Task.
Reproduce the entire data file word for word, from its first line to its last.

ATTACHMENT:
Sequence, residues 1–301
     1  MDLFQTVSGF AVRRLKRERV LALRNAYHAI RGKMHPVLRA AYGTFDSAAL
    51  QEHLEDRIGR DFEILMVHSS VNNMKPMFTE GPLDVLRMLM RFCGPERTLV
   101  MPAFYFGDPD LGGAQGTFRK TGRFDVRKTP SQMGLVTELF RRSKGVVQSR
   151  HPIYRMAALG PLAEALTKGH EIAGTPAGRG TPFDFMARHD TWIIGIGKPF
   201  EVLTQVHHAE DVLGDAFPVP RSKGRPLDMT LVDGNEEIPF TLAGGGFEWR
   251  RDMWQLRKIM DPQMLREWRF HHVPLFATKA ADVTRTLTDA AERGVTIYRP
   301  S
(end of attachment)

Sequence, residues 1–301
     1  MDLFQTVSGF AVRRLKRERV LALRNAYHAI RGKMHPVLRA AYGTFDSAAL
    51  QEHLEDRIGR DFEILMVHSS VNNMKPMFTE GPLDVLRMLM RFCGPERTLV
   101  MPAFYFGDPD LGGAQGTFRK TGRFDVRKTP SQMGLVTELF RRSKGVVQSR
   151  HPIYRMAALG PLAEALTKGH EIAGTPAGRG TPFDFMARHD TWIIGIGKPF
   201  EVLTQVHHAE DVLGDAFPVP RSKGRPLDMT LVDGNEEIPF TLAGGGFEWR
   251  RDMWQLRKIM DPQMLREWRF HHVPLFATKA ADVTRTLTDA AERGVTIYRP
   301  S